‘Please prime minister, release my brother’
KARACHI: After travelling for 11 days by foot, the long march for Sindh-based missing persons reached the Karachi Press Club on Sunday.
The march, organised by Voice for Missing Persons of Sindh and the Sindh Human Rights Organisation, began on July 6 in Hyderabad. Participants were welcomed by civil society and human rights organisations in Karachi. The march passed through Jamshoro, Sujawal and Thatta districts before culminating in the port city.
Men, women and children carrying placards and banners inscribed with various slogans demanded the recovery of their loved ones. “Please prime minister, release my brother,” read a placard held by Sindhu Chandio, a young girl whose brother Sabir Chandio went missing on January 17. “He had gone to attend the birthday celebrations of GM Syed in Sann town and was picked up from Dadu,” she said, adding that Sabir has never been involved in any criminal activities and was affiliated with the Jeay Sindh Mahaz (Arisar Group).
“Initially we were told that the police had arrested him. Our father checked each and every police station in Dadu district and knocked on the doors of the judiciary but no one provided us any information,” Sindhu lamented. “Finally, our father died while struggling to recover his son. My mother is on a hunger strike in front on the Larkana Press Club and I am here,” she said. The girl added that her family, especially Sabir’s children, live below the poverty line and depend on Sabir’s income to survive.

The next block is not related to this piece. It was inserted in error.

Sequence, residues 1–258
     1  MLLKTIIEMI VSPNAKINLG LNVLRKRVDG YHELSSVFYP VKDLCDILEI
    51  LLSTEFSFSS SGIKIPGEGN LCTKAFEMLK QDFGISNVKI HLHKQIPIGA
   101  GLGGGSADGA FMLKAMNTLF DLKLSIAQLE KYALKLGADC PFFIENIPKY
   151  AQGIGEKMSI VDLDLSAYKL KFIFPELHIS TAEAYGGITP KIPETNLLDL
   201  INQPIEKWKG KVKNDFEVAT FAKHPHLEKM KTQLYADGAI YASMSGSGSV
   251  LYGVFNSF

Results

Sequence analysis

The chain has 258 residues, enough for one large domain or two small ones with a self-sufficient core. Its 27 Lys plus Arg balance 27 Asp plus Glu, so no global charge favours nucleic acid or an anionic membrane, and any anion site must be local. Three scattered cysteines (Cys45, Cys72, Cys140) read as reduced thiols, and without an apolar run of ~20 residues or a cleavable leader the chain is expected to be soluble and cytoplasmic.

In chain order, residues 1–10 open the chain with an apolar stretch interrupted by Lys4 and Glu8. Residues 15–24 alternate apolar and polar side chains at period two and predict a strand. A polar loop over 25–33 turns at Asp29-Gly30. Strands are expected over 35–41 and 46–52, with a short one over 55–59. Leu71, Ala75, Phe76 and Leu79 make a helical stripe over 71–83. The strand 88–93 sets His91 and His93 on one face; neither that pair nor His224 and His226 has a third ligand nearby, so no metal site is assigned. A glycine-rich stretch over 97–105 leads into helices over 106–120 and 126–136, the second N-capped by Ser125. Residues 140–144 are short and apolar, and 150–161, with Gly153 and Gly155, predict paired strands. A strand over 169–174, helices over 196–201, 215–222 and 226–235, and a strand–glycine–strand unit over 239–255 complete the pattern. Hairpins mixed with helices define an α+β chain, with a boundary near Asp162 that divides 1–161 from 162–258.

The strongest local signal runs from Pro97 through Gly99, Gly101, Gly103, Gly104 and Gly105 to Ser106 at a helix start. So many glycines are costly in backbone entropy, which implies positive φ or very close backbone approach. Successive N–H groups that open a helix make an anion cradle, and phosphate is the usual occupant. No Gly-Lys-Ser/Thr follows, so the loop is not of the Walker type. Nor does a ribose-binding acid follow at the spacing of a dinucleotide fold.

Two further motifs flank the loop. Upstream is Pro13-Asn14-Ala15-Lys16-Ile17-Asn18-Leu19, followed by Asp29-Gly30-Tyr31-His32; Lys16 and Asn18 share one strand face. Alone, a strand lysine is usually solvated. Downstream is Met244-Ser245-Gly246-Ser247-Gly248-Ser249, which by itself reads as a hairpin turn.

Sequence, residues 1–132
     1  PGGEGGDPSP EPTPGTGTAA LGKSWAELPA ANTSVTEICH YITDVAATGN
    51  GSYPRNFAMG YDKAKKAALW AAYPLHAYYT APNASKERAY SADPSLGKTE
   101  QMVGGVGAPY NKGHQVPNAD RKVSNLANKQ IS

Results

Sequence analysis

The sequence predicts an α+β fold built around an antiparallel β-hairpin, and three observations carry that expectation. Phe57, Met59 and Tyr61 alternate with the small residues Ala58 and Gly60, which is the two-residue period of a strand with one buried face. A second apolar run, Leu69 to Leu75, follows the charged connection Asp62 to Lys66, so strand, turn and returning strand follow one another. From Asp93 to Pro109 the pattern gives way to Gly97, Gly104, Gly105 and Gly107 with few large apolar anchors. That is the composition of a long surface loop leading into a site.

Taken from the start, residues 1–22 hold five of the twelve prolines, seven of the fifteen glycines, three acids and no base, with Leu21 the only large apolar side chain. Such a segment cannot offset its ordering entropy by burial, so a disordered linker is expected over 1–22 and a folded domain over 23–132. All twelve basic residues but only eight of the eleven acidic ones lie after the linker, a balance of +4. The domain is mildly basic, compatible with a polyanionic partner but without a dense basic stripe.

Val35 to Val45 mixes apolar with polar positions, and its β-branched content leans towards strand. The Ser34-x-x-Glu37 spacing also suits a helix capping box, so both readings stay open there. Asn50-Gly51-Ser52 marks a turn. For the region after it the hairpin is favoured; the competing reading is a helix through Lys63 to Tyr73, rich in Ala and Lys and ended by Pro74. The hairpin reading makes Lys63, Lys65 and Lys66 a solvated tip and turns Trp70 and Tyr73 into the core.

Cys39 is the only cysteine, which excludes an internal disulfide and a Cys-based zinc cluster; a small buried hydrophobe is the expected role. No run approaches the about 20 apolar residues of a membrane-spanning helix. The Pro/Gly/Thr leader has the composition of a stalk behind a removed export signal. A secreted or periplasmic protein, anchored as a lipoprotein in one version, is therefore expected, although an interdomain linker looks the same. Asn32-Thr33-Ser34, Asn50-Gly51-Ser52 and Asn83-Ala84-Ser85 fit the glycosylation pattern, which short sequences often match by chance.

Tears poured down Sarang Lohar’s cheeks. His father, Hiyaadat Lohar, went missing Nasirababad Town in Kamber-Shahdadkot on April 17. “My father is a primary teacher. He was picked up while on duty. Some cops approached him, saying there was an investigation pending against him and since then he has been missing,” he lamented.
Khadim Arejo, Sami Kakepoto, Murtaza Junejo, Ghulam Raza Jarwar and Mukhtiar Almani are among 51 others who have been subjected to enforced disappearances and for whom the long march was convened.
Punhal Sario, who heads Voice for Missing Persons of Sindh, told The Express Tribune that all the people who had gone missing did not have a criminal background. “A few of them are not even affiliated with any political parties,” he said.
Sario added that since the beginning of the long march 11 more people have disappeared in Sindh. “If anyone is involved in a criminal activity then they should be produced before the court of law,” he urged, adding that in the last few years, political workers have been picked up and later their disfigured bodies are presented after being ‘killed’ in encounters with law enforcers.
He said that people living in Sindh are demanding their due rights but state-owned agencies torture, kidnap and kill them brutally. “Sindhi people have a unique history and culture and will not succumb to any pressure to withdraw their democratic rights,” he said, adding that their peaceful struggle will continue till its logical end.